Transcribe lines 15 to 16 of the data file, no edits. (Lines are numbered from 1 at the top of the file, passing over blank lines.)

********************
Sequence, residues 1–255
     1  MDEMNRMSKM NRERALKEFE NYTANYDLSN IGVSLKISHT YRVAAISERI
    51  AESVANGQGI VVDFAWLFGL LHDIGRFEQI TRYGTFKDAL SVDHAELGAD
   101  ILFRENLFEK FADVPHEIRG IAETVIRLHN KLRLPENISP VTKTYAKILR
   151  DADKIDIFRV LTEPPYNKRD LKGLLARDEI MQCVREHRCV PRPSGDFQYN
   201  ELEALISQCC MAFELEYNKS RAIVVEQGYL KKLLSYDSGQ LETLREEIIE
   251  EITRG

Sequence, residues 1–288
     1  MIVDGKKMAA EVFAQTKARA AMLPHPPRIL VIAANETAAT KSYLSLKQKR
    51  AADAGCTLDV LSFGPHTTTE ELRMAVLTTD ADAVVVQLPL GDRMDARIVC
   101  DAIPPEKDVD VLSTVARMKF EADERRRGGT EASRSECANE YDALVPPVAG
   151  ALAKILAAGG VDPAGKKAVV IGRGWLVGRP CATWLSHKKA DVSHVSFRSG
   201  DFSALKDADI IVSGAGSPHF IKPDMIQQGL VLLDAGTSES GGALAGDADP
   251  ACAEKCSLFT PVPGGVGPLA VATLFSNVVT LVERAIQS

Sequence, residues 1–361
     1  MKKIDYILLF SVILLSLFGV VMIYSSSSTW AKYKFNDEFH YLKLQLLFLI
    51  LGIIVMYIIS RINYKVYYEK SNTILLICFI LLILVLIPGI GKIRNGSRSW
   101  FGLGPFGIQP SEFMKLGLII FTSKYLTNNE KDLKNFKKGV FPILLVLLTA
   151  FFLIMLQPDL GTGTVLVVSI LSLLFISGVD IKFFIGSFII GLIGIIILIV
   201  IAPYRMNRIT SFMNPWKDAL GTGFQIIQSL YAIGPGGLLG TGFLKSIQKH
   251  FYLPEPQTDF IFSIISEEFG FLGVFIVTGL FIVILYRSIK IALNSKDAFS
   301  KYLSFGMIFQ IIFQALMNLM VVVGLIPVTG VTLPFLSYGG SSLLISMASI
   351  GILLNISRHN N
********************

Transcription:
Sequence, residues 1–361
     1  MKKIDYILLF SVILLSLFGV VMIYSSSSTW AKYKFNDEFH YLKLQLLFLI